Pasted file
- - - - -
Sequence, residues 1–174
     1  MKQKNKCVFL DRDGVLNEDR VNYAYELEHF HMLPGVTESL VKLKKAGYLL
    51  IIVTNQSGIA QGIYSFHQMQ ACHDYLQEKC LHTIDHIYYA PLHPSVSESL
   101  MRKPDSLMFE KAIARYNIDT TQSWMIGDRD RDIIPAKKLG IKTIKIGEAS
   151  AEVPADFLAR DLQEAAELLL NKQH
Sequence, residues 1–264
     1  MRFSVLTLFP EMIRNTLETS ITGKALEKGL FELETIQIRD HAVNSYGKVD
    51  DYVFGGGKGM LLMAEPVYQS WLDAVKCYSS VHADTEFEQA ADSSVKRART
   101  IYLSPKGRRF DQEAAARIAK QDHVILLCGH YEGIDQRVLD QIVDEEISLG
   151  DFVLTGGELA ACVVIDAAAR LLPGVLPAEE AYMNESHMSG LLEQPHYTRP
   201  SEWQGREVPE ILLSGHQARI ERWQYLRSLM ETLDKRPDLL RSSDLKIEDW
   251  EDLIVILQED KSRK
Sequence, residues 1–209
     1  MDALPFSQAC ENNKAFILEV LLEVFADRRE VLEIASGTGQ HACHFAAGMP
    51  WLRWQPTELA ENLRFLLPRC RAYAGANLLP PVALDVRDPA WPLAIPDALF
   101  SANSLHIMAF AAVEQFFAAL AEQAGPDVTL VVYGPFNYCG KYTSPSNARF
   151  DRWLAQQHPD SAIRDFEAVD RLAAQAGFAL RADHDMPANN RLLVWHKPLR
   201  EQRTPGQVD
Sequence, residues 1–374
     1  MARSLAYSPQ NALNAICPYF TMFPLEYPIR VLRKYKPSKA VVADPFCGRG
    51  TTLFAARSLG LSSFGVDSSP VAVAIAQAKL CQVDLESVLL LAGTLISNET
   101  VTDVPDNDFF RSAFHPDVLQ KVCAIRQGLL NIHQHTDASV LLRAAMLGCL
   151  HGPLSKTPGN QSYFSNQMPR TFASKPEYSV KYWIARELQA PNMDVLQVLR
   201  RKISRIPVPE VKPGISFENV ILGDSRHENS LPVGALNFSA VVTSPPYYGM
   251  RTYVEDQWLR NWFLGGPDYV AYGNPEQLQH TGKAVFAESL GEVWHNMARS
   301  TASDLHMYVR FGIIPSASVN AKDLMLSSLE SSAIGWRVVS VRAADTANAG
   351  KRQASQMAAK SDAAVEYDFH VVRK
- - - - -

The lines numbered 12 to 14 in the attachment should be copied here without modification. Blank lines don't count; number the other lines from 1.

   251  EDLIVILQED KSRK
Sequence, residues 1–209
     1  MDALPFSQAC ENNKAFILEV LLEVFADRRE VLEIASGTGQ HACHFAAGMP